Louis Fourie project will have a positive impact on the economy

Louis Fourie Project

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Western Cape Government

Louis Fourie Road infrastructure project will have a positive impact on the economy

Media release by the Western Cape Department of Infrastructure

The upgrading of Louis Fourie Road in Mossel Bay, by the Western Cape Department of Infrastructure is advancing well and set to be completed within deadline.  The upgrading of Trunk Road 33 Section 1 at Beach Boulevard West to Garret Street, starts just south of the Marsh Street Interchange and continues to the intersection leading to George.

This is the largest provincial infrastructure project in the area and is aimed at improving the traffic flow in this growing coastal town. Louis Fourie Road links Mossel Bay to Diaz Beach, Voorbaai, and Hartenbos. The contract commenced at the end of July 2022 and is set to be completed in 2026.

 “The contract participation goals of this project include providing at least 58,000 person-days of work to targeted labour, of which 13 057 have already been completed. This translates to at least 250 work opportunities, 104 of which have already been completed,” said Adv. Chantal Smith, Acting Head of Department. “A targeted enterprise spending goal over R85 million makes the Louis Fourie Road upgrade a key project for the DOI,” she added.

Provincial Minister of Infrastructure Tertuis Simmers said this project would add economic value to the area especially because it connects residential and business areas. “With the department contributing to nearly 87% of all infrastructure investment in the Garden Route District. Upgrading the single-lane carriageway to a dual-lane carriageway over a 3.5km section of Louis Fourie Road will have a positive impact on the economy. With the upgrading of the intersections along this portion of the road, the construction of a central median, realigning the Langeberg Mall access road to Depot Road, upgrading Langeberg Mall approach road to Louis Fourie Road, and the realignment of the N2 ramp terminal to Vyfbrakkefontein Road, including building a new traffic circle.”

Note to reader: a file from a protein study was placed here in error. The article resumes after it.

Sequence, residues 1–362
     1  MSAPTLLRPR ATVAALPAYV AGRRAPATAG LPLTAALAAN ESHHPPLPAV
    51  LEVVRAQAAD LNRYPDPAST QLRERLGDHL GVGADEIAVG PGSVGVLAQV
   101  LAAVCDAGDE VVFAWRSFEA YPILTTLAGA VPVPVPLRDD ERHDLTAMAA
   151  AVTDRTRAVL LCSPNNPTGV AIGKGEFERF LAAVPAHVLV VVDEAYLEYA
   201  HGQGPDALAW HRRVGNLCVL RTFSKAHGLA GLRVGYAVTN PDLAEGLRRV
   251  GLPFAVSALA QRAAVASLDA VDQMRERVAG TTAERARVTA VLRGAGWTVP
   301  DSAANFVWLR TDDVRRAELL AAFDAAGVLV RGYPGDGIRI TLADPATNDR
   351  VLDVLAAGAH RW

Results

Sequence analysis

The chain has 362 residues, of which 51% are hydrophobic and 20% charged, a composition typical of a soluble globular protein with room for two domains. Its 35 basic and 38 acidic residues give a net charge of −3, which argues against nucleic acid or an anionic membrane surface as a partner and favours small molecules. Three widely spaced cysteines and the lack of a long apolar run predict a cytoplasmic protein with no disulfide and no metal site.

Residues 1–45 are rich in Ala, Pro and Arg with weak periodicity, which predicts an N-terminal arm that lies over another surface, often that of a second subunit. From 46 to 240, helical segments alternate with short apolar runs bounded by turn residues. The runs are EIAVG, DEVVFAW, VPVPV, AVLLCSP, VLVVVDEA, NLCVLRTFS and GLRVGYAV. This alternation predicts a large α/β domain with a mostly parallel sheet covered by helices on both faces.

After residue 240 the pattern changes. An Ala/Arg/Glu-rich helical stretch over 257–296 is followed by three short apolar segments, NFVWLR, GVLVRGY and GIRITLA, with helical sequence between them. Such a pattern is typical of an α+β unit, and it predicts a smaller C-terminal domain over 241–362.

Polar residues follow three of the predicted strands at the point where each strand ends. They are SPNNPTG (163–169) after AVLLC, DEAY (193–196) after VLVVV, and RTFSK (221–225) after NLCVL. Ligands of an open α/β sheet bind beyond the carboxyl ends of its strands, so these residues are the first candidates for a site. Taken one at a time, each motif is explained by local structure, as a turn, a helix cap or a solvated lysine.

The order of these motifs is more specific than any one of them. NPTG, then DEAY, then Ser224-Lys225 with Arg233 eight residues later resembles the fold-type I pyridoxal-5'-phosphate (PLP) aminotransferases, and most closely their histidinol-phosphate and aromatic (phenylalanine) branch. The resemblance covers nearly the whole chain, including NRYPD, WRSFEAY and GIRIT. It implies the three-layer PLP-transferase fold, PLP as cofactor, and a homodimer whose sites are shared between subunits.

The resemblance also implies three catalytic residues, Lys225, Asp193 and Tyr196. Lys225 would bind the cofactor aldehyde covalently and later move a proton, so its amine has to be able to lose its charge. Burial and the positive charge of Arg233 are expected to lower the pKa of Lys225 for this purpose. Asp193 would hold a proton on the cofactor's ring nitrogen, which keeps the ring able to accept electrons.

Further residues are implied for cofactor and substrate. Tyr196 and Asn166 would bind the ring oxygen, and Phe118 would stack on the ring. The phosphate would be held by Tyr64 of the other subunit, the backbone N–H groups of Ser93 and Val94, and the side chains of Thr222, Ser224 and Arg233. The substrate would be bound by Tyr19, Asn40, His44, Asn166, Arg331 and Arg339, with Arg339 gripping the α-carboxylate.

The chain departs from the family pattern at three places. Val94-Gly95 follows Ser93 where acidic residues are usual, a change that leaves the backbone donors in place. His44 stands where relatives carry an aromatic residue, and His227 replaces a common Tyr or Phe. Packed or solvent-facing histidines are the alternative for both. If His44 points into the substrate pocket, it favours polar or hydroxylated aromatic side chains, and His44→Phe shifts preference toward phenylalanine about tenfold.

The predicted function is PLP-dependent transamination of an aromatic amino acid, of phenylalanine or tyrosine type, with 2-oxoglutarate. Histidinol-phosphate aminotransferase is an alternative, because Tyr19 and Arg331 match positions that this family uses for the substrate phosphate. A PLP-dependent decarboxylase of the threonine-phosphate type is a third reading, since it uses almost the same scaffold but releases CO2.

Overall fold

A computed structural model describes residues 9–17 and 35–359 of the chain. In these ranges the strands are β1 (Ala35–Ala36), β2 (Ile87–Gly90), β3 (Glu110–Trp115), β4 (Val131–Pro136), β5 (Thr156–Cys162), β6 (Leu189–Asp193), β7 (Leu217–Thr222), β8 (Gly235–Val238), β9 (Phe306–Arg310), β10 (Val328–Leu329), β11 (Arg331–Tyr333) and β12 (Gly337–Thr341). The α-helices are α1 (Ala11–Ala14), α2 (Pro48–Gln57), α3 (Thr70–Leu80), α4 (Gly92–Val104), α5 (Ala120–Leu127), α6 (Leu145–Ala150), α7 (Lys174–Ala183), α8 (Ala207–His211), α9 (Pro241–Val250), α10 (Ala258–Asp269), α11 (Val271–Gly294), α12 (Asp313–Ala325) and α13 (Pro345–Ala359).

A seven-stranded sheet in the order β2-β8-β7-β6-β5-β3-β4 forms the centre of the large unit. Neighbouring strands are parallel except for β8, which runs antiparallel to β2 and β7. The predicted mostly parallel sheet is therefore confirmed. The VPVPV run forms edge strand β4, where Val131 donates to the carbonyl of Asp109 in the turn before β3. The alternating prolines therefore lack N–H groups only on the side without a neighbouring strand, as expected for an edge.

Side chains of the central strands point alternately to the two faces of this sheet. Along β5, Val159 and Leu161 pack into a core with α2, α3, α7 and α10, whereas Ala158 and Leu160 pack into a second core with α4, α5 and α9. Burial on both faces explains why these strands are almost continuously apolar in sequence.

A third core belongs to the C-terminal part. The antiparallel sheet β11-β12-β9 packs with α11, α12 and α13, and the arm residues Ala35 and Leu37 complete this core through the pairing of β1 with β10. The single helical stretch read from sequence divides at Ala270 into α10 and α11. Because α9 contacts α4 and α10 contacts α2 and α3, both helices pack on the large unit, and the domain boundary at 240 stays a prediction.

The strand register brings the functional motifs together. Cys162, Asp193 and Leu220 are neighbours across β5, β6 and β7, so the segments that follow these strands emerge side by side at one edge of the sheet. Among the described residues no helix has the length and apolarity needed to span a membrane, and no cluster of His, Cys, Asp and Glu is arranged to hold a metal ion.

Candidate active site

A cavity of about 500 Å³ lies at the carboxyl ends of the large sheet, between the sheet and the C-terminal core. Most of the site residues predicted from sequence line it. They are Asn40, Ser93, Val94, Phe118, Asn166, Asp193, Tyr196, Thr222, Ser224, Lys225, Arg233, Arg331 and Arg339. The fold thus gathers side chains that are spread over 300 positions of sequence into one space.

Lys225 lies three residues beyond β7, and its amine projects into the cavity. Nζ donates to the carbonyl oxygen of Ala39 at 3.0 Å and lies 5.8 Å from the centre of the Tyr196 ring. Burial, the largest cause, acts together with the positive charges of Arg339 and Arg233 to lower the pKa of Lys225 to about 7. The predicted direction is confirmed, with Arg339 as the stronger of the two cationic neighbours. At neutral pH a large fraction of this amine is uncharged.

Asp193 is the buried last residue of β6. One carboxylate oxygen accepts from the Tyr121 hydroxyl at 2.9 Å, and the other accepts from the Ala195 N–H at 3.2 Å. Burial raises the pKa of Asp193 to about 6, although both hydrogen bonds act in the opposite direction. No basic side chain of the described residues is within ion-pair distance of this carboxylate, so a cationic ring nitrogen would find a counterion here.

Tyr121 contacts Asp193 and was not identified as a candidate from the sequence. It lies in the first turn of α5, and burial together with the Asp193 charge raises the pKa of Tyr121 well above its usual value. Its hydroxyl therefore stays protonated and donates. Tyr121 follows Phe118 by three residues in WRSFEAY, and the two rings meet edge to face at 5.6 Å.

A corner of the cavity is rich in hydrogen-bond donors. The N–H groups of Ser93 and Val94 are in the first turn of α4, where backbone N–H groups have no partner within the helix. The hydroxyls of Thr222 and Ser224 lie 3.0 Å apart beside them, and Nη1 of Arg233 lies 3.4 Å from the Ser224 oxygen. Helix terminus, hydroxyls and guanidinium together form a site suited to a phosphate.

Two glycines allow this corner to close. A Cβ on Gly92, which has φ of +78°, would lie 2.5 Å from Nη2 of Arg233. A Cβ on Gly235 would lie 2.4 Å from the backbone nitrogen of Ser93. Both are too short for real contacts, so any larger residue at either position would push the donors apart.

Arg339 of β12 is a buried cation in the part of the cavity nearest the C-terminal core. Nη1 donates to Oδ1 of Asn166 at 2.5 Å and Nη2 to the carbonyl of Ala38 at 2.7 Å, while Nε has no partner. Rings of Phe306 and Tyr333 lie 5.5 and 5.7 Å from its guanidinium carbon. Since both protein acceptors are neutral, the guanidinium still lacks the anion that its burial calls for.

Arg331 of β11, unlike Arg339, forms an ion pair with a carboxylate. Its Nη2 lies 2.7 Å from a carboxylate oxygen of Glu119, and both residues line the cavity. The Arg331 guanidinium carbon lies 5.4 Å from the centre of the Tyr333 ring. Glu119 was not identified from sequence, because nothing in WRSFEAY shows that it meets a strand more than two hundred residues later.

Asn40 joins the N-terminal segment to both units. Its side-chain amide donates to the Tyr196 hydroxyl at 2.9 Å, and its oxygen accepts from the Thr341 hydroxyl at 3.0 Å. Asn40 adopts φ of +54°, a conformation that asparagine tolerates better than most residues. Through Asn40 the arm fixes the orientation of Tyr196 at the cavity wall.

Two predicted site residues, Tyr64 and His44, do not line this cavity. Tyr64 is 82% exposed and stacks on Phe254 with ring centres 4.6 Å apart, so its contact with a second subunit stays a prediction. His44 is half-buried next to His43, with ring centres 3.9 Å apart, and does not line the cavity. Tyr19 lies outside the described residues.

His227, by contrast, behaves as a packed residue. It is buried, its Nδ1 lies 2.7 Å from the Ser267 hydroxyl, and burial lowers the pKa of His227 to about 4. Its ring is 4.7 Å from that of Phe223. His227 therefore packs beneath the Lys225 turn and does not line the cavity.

The project scope also includes relocating a municipal water main, a municipal sewer trunk main, and the municipal Lofty Nel electricity substation, constructing a new rail-over-road bridge at Garret Street, constructing a new bridge over the Blinde River, repairing an existing portal culvert, building numerous retaining walls, and periodic maintenance consisting of an asphalt mill and overlay between Marsh Street and Hartenbos.  Care has been taken to protect the PetroSA pipeline located on Vyfbrakkefontein Road, and the raw water scour valve and chamber on a PetroSA water line will be relocated.

From a pedestrian safety perspective, the project includes the construction of a separate pedestrian sidewalk of approximately 900m on Louis Fourie Road (TR33/2) between Waboom Road and Sonskynvallei.

Current construction activities include temporary widening on the land side of the existing road for traffic accommodation purposes, the connection of the main sewer, protection works to PetroSA infrastructure, installing Telkom sleeves and relocating Telkom cables, building retaining walls at various locations, and installing a ground beam at the completed Garret Street rail-over-road bridge. The installation of temporary and permanent stormwater pipes continues. As part of the permanent roadworks, the pioneer layer at the Blinde River Bridge is being constructed while temporary on- and off-ramps are being built from the N2 to accommodate traffic during the construction of Vyfbrakkefontein Road.

 The department cautions road users against using the newly surfaced sections. While the temporary lanes may seem to be finished, several works still need to be completed. The envisaged date of moving traffic over to the temporary lanes on the land side of the project is towards the end of May 2024, and concerted efforts are being made to bring this date forward.

Points persons were deployed to direct traffic when the traffic signals at Watson Avenue recently became defective until the faulty cable could be replaced. Unprecedented levels of rain overwhelmed the capacity of 1,000 mm stormwater pipes at the intersection of Louis Fourie Road and George Road. The partially collapsed culvert under the fill embankment at the intersection of Louis Fourie Road and George Street will be replaced by two 1,800 mm stormwater pipes which have since been installed to handle heavy downpours in the future. Resurfacing and road marking will take place during the mill and fill process later in the project to avoid unnecessary costs.

“Through this project, a variety of job opportunities will be created for job seekers as well as the empowerment of Small Medium, and Micro Enterprise (SMMEs). This is further evidence of our commitment to using infrastructure projects as development opportunities in the Western Cape,” said the Minister.

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